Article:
Since this afternoon’s big Dewey & LeBoeuf development, namely, the defection of Morton Pierce and seven other partners to White & Case, there has been some additional news. It concerns the timing of Dewey’s possible shutdown, a subject that has been the subject of much speculation lately.

One rumor had the firm closing its doors as early as tomorrow. Another suggested a date closer to Memorial Day. The truth may lie somewhere in between: according to sources cited by Am Law Daily (reg. req.), “Dewey is poised to close by May 15 and possibly sooner.”

(Also at Am Law, a very handy Dewey Departure Tracker. It lists each defector’s name, practice area, departure date, new firm, and location. It’s a great resource.)

The May 15 date makes some sense. As reported by Thomson Reuters News & Insight, on Monday the firm received a two-week extension from lenders for renegotiating its $100 million credit line. Assuming the parties can’t reach a new agreement, which seems like a good assumption right now, the new deadline would fall on or about May 15, the shutdown date mentioned by Am Law.

Compared to other outlets, we’ve been focusing a lot on the human side of the Dewey story. We’ve talked about the partners, including the particular partners who might be blamed for Dewey’s demise. We’ve talked about the staff, bringing you a paralegal’s lament.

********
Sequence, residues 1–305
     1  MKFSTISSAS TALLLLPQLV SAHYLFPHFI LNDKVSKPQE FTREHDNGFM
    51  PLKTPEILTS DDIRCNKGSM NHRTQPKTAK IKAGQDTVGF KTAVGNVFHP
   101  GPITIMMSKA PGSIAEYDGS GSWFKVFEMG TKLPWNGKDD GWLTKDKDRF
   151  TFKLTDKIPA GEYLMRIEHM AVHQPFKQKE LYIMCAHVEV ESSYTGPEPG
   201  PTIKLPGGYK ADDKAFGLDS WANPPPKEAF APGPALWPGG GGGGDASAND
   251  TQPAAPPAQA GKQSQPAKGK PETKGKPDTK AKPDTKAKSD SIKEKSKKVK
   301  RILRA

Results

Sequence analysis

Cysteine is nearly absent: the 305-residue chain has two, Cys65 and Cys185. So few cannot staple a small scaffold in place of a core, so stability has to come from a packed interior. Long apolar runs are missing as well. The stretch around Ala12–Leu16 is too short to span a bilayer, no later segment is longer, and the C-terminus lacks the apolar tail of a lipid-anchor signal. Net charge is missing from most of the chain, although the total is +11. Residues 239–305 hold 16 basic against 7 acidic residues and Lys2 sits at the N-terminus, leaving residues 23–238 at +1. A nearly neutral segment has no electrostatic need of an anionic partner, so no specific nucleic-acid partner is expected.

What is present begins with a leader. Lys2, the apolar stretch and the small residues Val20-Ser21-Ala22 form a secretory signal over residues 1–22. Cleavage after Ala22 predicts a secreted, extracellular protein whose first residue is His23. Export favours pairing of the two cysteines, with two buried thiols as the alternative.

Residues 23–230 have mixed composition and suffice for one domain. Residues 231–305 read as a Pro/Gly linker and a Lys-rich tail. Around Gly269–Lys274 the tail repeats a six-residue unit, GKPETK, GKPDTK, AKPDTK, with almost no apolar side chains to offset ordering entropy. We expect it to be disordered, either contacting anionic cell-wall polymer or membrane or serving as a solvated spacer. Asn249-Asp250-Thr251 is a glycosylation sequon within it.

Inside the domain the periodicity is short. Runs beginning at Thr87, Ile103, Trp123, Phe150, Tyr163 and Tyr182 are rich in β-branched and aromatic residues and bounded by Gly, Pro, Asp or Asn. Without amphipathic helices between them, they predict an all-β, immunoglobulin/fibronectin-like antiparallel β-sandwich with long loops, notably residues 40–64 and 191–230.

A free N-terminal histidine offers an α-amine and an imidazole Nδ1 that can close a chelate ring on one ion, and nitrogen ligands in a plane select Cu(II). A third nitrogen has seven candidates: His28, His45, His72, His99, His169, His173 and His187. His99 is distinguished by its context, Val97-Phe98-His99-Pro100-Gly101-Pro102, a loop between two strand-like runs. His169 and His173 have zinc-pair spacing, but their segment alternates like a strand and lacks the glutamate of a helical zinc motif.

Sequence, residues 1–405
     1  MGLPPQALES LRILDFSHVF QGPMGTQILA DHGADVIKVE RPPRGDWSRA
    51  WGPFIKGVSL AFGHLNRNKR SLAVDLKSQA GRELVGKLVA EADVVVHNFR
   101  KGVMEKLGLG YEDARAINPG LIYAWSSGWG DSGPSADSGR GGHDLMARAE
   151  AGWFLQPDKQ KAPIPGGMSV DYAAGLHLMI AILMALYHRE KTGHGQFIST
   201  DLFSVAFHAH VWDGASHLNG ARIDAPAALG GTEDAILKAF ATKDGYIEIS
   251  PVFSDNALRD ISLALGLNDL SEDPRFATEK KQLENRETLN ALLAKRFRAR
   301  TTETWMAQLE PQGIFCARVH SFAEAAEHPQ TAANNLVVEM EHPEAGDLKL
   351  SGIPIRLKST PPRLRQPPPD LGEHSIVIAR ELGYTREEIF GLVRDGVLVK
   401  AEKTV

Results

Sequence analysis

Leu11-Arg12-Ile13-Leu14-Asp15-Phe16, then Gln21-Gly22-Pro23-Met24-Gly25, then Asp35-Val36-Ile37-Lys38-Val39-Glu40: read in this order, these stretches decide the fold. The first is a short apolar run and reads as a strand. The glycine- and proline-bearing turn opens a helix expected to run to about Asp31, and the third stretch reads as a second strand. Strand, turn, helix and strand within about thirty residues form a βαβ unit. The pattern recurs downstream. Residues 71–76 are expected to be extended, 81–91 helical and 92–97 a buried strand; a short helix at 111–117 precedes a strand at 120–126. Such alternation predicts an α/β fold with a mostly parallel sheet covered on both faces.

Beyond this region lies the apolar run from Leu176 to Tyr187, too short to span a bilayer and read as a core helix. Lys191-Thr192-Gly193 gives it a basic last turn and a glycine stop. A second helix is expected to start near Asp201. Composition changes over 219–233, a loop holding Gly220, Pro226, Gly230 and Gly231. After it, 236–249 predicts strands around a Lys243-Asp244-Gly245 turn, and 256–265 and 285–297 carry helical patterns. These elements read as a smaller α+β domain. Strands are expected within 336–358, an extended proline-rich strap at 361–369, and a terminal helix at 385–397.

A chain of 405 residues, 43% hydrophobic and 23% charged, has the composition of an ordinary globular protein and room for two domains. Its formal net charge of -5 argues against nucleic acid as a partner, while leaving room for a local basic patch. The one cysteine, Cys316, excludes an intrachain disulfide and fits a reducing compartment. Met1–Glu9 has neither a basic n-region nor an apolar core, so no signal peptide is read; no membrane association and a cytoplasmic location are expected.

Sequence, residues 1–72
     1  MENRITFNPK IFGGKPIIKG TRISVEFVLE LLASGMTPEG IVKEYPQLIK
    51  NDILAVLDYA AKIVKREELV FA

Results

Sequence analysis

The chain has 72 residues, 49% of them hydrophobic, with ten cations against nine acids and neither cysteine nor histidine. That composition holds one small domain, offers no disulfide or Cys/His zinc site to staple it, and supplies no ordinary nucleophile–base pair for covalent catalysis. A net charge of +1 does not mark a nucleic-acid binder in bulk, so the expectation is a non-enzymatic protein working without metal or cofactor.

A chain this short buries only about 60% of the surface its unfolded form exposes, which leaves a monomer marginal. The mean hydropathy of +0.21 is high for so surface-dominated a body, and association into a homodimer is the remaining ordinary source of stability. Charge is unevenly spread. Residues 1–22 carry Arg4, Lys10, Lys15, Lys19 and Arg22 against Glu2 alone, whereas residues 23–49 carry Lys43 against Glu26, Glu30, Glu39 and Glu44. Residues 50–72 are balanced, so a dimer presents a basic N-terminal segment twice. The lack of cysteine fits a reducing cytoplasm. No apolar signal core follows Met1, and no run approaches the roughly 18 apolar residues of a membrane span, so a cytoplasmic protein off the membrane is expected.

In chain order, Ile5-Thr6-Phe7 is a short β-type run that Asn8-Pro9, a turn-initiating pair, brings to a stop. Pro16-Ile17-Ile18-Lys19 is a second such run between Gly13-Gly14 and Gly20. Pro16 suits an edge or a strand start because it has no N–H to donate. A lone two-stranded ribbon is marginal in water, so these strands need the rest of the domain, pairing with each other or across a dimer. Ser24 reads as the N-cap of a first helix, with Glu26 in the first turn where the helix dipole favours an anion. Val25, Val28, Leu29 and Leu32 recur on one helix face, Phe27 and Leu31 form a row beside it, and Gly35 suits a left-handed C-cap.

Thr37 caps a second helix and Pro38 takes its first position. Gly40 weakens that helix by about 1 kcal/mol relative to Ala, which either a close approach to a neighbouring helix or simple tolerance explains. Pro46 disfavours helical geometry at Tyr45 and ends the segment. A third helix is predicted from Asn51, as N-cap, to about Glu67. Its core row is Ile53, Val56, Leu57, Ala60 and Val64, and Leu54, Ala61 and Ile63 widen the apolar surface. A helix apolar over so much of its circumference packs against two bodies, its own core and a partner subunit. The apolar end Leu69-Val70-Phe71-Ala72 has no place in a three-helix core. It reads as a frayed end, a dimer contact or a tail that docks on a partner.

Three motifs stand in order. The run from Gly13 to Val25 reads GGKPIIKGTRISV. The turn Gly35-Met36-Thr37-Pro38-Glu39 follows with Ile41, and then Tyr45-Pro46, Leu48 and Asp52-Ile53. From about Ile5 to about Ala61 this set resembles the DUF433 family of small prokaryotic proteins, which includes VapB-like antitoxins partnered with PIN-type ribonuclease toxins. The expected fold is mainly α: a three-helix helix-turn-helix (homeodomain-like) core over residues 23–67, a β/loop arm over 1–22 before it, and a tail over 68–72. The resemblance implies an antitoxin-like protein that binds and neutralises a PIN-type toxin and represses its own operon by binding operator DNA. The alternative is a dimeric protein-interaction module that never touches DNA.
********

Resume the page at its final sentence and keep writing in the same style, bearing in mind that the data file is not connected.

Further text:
Tonight let’s consider the fate of would-be Dewey associates, both full-time and summer associates, who now find themselves left in the lurch….

As usual, UPDATES — including one relating to support staff — after the jump.

double red triangle arrows Continue reading “Dewey Have Career Advice for Incoming and Summer Associates?”

Here in New York, the theater community is gearing up for the Tony Award season. Which shows will snag coveted nominations for best musical and best play?

In the world of Biglaw, though, there’s no competing with the drama now unfolding at Dewey & LeBoeuf, the once elite and now rapidly imploding law firm. Thus far, the story of Dewey has been dynamic but depressing, more tragedy than comedy.

But might that change? Could the tale of D&L end happily, like a Shakespearean comedy — with a wedding?

double red triangle arrows Continue reading “Dewey Have A Suitor? Plus Another Confirmed Partner Defection, and Discussion of Deferrals”

It’s time for your daily dose of Dewey & LeBoeuf news. There’s a lot to cover, including updates about incoming associates, overseas offices, and contingency planning.

Word on the street is that Dewey is deferring incoming associates to January 2013. We reached out to the firm for comment, and they haven’t gotten back to us yet. But it seems logical for the firm to defer associates to early 2013, given how the situation at D&L remains in flux. By next year, Dewey will have a better sense of its ultimate size and its long-term associate needs.

Of course, incoming associates at Dewey might want to make some backup plans. Which brings us to the other D&L news….

double red triangle arrows Continue reading “Dewey Have Room For Incoming Associates? Or Overseas Offices?”

Some people in the class of 2010 will see this before they see a job.

Don’t look now, but in a few weeks, on-campus interviewing will get started on law school campuses across the country. That’s right — in about a month, law firms will start interviewing people they think they’ll have work for in the fall of 2013. I don’t know where the north pole will be in fall 2013, but law firms are supposed to know how many junior associates they’ll need more than two years from now?